A late-season dragonfly, resting on our pasture fence. Now that the nights have become quite cool, the entire insect population has slowed down and died back. I'm sure this fellow was warming his wings in the morning sunlight.

You can see the yellow starting to come out in the trees at the edge of our pasture. The sheep have the grass mown down to just-about-non-existent. Usually we don't have quite so much brown in the grass yet (takes until the end of October for it to look this dead), but prior to Monday's downpours, we hadn't had rain in a month, and that sort of wiped out the green color. The sheep can still seem to manage to find something edible out there, though.

Wednesday, September 12, 2007

pizza face

Ok, here's that drawing of J's that I promised I'd post. I'm not sure I "get" it, so if anyone has any insight (like, have you seen this before somewhere?), please let me know!

When I asked him about the drawing, he first said "It's a pizza". I thought at first I was misinterpreting the features, but as I puzzled over it trying to see pepperonis and mushrooms instead of eyes and mouth, he chimed in "It's a face. It's a pizza face."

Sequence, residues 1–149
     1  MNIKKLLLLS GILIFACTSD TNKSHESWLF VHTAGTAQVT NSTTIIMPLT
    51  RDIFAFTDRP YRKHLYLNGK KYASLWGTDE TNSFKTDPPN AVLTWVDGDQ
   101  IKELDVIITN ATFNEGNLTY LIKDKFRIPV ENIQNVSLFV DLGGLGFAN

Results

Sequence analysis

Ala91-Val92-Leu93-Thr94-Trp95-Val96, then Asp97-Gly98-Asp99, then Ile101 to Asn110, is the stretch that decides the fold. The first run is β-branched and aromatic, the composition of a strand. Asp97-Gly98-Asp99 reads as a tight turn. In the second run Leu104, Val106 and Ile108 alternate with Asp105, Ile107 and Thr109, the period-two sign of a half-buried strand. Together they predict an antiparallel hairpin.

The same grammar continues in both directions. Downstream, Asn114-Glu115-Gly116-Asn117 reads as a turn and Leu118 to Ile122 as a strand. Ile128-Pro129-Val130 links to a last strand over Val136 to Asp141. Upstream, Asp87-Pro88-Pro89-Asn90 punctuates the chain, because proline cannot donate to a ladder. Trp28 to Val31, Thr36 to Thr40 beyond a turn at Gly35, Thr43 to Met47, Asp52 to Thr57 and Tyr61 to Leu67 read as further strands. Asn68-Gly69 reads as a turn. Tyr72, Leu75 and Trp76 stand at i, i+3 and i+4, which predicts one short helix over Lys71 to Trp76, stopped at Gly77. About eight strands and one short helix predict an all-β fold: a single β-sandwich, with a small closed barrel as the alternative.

Ok. But here's the thing. J's drawings, until recently, have been copies of things he's seen. Initially (for years) they've been literal copies (he drew exactly what he saw drawn elsewhere). Over the past year, he's begun intermixing that copying to form pictures that tell a story, but still it's been a story that he's seen elsewhere. Recently, he's begun drawing representational pictures of live events (like his drawing of the Sea Lion Show at the aquarium), which feels more like typical kid drawings.

But THIS drawing. If this is truly his own, he's entering a new realm of imagination and ability to express himself. I've got a nagging feeling that he must have seen this somewhere else (although I can't imagine where, I'VE certainly not seen it anywhere, and for the most part I'm always in the same places he is). Somehow, that thought is comforting to me. Because if this is really coming from inside his mind somewhere...I'm just not sure I'm prepared for that depth of creativity yet! Although it would be an INCREDIBLE development in the way his thinking process is organizing, so from that perspective, I wish I could figure out which it is -- his or another's. If he'd just drawn a face split into quarters, it would be intriguing enough as to where he may have gotten the idea. But the range of emotion's just not adding up for me.

So, I challenge you all -- where have you seen this face before?